Insurers launch campaign to tackle uninsured driver surge
Rise of 10 per cent this year, with a third of those uninsured under 30
Claims for uninsured driving have risen by 10 per cent over the past year, according to the Motor Insurers’ Bureau (MIB), which has launched its first national campaign to tackle the issue for three years.
The figures had declined since 2005 when police were granted powers to seize vehicles, halving over the last decade to one million.
But from July 2014 to July 2015, the MIB – which compensates victims of accidents with uninsured drivers – said the number of claims was up 10 per cent. It also said a third of uninsured motorists are aged under 30, with the prohibitive price of young driver policies playing a big part.
To stop the growing numbers, the MIB’s campaign features a “Gone in seconds” video to highlight how quickly a car can be picked up by police Automatic Number Plate Recognition (ANPR) cameras and seized.
Ashton West, MIB chief executive, said: “This year we’ve seen the number of claims rising week on week. Every year, thousands of people are injured and killed by uninsured drivers and, to address this, we are working proactively with police forces across the UK.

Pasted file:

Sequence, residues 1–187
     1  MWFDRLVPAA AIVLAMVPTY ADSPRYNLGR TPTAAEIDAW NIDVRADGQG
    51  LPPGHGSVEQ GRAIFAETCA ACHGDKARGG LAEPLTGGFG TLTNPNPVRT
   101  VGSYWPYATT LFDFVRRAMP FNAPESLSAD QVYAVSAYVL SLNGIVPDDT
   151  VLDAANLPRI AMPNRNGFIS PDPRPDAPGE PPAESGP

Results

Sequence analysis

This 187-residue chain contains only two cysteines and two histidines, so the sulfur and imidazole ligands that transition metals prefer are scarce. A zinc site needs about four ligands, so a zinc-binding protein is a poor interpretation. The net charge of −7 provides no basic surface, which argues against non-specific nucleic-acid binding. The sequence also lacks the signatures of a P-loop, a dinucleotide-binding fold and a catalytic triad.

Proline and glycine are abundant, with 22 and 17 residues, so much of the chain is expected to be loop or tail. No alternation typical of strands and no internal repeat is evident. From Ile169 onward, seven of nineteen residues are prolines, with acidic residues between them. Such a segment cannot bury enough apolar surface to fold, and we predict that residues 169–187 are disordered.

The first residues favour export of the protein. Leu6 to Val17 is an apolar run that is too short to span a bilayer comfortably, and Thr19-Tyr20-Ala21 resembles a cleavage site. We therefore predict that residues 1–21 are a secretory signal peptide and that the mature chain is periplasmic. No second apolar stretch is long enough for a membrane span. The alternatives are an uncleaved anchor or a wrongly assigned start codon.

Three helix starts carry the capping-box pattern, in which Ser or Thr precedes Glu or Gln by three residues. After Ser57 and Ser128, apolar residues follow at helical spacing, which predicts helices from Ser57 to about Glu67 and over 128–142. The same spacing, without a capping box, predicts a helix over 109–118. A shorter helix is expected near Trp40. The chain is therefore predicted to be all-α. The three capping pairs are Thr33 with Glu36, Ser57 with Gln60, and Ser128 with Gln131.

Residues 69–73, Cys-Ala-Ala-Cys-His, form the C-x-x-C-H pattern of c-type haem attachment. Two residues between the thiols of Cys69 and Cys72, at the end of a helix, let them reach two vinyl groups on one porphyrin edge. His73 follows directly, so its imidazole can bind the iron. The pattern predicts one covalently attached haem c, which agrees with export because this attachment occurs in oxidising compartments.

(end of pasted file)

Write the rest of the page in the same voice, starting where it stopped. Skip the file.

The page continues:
“Our biggest concern is getting the message across to under-30s. We know that, for these drivers, a car is an important part of their social life and gives them credibility.”
Continuous insurance enforcement (CIE) identifies registered keepers of vehicles that seem to have no insurance, with more than 4,000 drivers being sent notification letters each day. Failure to act carries a £100 fixed penalty or court prosecution.
Being caught driving without insurance could result in a £300 fine and six penalty points, plus storage and collection fees for a seized car, or the threat of it being crushed.
Ben Howarth, the Association of British Insurers’ policy adviser for motor and liability, backed the campaign.
He said: “Those motorists who flout the law and drive without insurance are a danger to all other road users. Also through the payments made to their victims, they push up the costs of motor insurance for law-abiding drivers.”
Should the punishments for driving without insurance be stricter? Let us know in the comments...